“One Man Poe’s strong points are definitely the sounds—not just Smith’s flexible voice skills, but also Joseph Furey’s music and sound design”
The London Horror Festival is once again bringing chills and thrills across the metropolitan area, even if the pandemic means a pared down festival this year. One Man Poe, performed by Stephen Smith at the suitably spooky Space in London’s East End, is one of several offerings for the 2021 Halloween season. It’s hard to find a writer more accomplished in the horror genre than Edgar Allan Poe—and there’s a reason why this American nineteenth century writer is still widely read and enjoyed today, despite the archaic language, and the dictionary workout his words will give you. Based on three of Poe’s best known stories, and one very well known poem, One Man Poe is a no-brainer of a choice for the Festival by Smith and the Threedumb Theatre Company.
Nevertheless, One Man Poe is a bit of a misnomer. This piece, clocking in at one hundred and forty minutes (including the interval) is not so much a play, as a staged performance of Poe’s stories by Smith. And while Smith’s is the only voice on stage throughout the show, he is not always the only person there. Assisted by Jack Hesketh as a doctor in one story, and as a policeman in another, Smith performs The Tell-Tale Heart; The Pit and the Pendulum, and The Black Cat. The Raven, Poe’s signature poem, is the final piece that sets the seal on an evening of blood chilling revelations.
Smith does have a great voice for these kind of stories, and his presentation is appropriate, if verging on the melodramatic. But then, the Victorians did appreciate a good melodrama. Smith’s diction is clear and measured, allowing the audience to relish Poe’s language. It’s overkill, then, to project the words on the back of the stage, above the actor’s head, for the whole performance. It is a distraction the audience could do without, and dispensing with them might also allow the lighting designer (Eddie Stephens) to shine a bit more light on the proceedings on stage without obscuring the text on the wall. One Man Poe’s strong points are definitely the sounds—not just Smith’s flexible voice skills, but also Joseph Furey’s music and sound design. Kudos also to dramaturgs Amber Buttery, Amy Roberts, Jonah York and Rebecca Phythian for the thoughtful support and programme notes. But the overall effect of One Man Poe is to make one wonder if the show would not be more powerful if enjoyed at home with the lights off and the amplifiers on.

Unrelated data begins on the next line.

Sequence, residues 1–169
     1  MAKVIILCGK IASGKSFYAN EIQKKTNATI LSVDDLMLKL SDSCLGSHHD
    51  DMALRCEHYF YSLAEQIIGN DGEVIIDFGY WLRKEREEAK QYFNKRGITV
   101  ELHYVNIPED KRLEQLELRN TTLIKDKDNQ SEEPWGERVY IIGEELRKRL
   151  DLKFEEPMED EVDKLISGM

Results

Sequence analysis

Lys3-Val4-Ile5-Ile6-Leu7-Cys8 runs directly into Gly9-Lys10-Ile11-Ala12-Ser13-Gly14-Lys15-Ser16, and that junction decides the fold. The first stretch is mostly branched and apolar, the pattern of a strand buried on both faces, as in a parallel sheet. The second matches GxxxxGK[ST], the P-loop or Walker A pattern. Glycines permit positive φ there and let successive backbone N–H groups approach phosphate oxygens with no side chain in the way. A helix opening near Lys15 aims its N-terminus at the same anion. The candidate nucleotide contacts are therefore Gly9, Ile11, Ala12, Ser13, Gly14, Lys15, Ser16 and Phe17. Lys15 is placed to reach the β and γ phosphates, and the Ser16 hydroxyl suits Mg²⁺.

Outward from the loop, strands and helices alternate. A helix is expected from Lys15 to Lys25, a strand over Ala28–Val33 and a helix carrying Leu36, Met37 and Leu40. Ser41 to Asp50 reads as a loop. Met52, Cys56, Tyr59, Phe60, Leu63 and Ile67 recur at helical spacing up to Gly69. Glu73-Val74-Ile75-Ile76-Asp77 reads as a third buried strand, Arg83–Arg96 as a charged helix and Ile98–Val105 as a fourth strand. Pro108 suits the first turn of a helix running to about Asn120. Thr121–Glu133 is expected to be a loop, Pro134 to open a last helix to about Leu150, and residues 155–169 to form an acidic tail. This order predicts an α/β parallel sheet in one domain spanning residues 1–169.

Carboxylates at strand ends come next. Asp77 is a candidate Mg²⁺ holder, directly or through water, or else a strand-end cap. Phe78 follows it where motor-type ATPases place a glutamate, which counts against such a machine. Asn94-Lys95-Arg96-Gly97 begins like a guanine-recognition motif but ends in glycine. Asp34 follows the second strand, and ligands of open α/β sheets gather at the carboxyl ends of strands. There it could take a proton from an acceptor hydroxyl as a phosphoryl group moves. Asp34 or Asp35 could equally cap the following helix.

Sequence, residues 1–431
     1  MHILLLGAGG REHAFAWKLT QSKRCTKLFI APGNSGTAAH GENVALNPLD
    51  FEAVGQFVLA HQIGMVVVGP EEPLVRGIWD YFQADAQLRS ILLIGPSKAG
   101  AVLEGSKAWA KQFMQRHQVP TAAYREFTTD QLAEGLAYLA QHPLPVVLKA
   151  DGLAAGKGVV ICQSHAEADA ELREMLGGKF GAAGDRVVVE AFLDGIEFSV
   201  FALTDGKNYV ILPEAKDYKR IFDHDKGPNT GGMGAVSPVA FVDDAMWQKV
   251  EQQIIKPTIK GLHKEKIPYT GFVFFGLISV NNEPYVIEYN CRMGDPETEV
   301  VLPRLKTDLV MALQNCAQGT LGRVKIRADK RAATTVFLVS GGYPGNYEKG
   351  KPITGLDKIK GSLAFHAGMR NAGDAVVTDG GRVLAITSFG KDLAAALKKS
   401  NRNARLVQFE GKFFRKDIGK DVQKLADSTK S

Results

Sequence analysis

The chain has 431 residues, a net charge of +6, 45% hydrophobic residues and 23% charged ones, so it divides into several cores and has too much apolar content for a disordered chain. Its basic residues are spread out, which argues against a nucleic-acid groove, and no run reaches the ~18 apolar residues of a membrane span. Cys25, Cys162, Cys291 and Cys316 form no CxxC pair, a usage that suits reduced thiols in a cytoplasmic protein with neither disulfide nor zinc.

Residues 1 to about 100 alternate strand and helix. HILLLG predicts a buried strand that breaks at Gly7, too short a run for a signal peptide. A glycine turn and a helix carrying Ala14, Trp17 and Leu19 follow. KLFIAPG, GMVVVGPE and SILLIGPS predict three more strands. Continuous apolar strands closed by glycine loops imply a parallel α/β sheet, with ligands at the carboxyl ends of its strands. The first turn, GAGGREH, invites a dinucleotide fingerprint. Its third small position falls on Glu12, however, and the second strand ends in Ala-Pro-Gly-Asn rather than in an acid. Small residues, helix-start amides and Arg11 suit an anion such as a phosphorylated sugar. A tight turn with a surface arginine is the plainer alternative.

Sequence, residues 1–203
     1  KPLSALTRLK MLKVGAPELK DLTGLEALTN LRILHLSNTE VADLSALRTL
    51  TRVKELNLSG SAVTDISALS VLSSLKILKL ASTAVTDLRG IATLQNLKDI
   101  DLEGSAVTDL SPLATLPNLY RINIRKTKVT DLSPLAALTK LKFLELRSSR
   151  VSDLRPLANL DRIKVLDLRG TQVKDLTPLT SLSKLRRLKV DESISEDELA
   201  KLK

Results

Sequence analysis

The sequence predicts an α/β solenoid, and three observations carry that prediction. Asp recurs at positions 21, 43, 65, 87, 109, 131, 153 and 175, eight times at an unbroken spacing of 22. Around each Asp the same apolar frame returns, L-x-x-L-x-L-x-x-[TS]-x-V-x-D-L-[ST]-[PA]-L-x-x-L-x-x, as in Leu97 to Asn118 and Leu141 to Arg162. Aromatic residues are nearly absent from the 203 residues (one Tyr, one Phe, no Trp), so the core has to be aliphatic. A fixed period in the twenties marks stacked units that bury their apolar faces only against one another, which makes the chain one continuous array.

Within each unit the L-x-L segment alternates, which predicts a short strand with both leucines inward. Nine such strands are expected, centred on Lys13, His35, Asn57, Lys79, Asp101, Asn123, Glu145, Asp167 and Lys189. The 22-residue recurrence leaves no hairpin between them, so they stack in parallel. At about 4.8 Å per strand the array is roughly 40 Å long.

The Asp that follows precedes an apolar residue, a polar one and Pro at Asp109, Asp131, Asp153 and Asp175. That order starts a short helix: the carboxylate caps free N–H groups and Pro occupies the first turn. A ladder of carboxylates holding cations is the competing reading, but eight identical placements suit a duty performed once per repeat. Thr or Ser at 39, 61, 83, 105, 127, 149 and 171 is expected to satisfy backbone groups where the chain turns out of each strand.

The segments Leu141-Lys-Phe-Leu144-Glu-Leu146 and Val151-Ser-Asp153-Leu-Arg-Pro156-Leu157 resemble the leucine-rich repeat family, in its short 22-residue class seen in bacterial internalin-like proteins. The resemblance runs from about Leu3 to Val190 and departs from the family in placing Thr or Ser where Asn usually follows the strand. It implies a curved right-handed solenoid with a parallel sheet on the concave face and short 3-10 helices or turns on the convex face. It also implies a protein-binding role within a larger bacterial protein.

Fortunately for us, there is one livestream performance on offer, and perhaps there will be more. One Man Poe will be livestreamed on October 21st. Just the ticket for a horrifying evening at home with the family. Or, for the truly brave among you, alone.
Reviewed by Dominica Plummer
Photography by Alya Sayer
One Man Poe
The Space until 23rd October as part of London Horror Festival 2021
“there’s plenty of wiggle room for it to be a lot slicker and a lot funnier”